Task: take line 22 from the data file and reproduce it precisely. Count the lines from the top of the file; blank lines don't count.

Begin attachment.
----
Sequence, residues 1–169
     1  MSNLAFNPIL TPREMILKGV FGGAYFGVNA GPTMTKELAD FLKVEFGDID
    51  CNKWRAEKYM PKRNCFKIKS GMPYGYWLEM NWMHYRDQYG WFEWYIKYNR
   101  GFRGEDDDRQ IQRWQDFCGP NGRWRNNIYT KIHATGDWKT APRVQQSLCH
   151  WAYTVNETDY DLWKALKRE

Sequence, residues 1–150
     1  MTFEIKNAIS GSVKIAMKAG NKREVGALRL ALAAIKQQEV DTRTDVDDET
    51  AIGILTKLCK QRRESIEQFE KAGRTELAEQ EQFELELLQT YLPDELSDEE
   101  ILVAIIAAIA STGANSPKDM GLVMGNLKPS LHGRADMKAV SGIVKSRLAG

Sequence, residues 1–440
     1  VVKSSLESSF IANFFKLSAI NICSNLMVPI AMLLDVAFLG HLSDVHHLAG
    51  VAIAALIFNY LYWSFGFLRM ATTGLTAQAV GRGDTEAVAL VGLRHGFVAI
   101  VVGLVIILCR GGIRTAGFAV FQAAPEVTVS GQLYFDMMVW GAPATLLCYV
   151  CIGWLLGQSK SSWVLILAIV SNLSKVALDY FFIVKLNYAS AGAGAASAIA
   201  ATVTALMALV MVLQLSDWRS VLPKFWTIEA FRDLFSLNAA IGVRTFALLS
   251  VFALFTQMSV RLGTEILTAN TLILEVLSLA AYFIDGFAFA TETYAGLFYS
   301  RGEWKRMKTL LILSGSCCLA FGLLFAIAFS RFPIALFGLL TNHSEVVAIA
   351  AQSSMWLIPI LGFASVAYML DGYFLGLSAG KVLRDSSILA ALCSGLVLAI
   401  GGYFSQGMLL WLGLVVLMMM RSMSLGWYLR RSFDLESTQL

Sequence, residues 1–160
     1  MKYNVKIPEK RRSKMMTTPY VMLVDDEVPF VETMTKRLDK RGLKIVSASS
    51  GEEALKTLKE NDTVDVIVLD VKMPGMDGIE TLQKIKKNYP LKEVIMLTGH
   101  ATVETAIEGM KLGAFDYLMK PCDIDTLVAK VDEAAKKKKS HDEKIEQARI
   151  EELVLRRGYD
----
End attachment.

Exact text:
    51  GEEALKTLKE NDTVDVIVLD VKMPGMDGIE TLQKIKKNYP LKEVIMLTGH